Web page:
Saturday, March 8, 2014

5 Steps to Letting Go

My previous post, Let Go of Control talks about how codependency (an intimacy issue) causes one to try to control and manipulate people and situations in life in order to make up for a deficiency in oneself. This post discusses How to Let Go and move on to a more fulfilling life.

Letting go. Sounds easy, doesn't it? But sometimes letting go is the hardest thing to do. I've spent a lot of time healing and that requires letting go in heavy doses. What does it mean to let go? That's what I'd like to explore. Stay with me here.

Detachment is letting go. Trouble with detaching and letting go is something that codependents have in common. In a way, I think the root of codependency is the inability to let go of things that are outside of your control. Once you begin to heal, detachment becomes necessary and thankfully, with healing, letting go gets easier.  

Here are 5 Steps to Letting Go:

Step 1. Face Reality

If you find yourself hooked on someone, something or some outcome and having difficulty letting go and moving on, the first thing you need to do is face reality. Facing reality means that you look at the situation in its entirety, from broad perspective. You tell yourself the truth. You stop deluding yourself. You stop telling yourself that the person you're hung-up on really loves you--and start facing the fact that it doesn't matter who loves you if they're not giving you what you deserve.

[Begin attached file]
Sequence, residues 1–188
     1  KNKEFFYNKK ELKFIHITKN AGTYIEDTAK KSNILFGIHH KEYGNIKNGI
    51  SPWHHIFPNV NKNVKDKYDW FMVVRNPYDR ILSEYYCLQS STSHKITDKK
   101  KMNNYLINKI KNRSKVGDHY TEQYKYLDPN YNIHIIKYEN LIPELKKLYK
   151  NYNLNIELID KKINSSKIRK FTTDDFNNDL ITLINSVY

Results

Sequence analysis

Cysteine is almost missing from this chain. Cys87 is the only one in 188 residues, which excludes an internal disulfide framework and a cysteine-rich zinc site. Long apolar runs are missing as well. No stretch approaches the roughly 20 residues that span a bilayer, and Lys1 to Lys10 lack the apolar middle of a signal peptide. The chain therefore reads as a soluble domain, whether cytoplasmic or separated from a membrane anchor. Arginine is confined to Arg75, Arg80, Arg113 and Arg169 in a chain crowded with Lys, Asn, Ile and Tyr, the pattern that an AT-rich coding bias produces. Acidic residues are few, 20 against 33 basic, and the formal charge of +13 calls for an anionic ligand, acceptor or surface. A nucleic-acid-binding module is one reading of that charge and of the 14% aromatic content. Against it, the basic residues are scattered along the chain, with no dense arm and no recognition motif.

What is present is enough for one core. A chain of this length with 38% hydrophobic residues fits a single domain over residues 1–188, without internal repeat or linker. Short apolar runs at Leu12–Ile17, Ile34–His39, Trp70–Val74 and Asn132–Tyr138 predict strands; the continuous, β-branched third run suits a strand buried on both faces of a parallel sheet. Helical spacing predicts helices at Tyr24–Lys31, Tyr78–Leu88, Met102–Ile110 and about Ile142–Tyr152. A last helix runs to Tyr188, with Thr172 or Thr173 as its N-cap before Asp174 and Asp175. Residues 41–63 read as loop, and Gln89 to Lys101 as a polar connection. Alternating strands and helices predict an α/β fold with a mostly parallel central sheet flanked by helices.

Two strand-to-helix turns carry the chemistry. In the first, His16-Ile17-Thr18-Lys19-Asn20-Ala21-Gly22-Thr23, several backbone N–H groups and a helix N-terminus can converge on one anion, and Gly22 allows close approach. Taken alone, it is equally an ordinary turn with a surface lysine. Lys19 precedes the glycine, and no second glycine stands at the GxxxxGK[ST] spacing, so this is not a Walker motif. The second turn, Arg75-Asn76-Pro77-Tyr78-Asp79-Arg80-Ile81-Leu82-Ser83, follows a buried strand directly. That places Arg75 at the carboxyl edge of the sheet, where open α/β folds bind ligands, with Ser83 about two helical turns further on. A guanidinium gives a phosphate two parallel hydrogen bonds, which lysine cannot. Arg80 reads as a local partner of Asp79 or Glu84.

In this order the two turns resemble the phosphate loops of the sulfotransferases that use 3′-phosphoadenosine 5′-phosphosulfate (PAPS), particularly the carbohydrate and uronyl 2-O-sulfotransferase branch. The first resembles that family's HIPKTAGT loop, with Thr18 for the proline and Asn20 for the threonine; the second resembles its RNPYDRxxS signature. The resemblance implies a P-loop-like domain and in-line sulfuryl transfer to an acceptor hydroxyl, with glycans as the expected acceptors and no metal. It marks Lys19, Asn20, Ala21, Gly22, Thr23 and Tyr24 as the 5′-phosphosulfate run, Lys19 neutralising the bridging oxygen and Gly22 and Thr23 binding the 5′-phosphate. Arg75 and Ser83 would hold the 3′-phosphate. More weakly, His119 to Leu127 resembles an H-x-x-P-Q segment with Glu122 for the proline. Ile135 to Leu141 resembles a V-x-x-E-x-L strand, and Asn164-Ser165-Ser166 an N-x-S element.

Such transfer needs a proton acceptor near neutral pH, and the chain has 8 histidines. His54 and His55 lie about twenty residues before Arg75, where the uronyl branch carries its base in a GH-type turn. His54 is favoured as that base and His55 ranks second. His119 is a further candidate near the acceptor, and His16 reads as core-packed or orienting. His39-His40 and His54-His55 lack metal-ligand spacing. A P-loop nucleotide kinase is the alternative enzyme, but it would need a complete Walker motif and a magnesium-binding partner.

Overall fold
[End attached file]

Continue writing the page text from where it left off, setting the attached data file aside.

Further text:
Facing reality means facing that the guy you're in love with doesn't love you and that is okay. You can't wish something into being. There is no magic potion that will make things be exactly as you want it to be. You can't control other people. You don't need to. All you can do is face what's really happening in your life. You can't heal what you don't face.

Step 2. Grieve Your Loss

Any time you lose something in life, you need to grieve in order to heal and move on. When you have codependent tendencies, chances are you have things you need to grieve from your childhood that never healed. Oft times we hold onto people today who remind us of those who didn't meet our needs when we were little developing children. It's important to grieve all losses; to allow yourself to grieve fully. If the situation is tiny, you may only need to grieve a little. If the situation is big, you may need to grieve buckets of emotion. Holding onto pain is what you're doing when you don't go through the grieving process.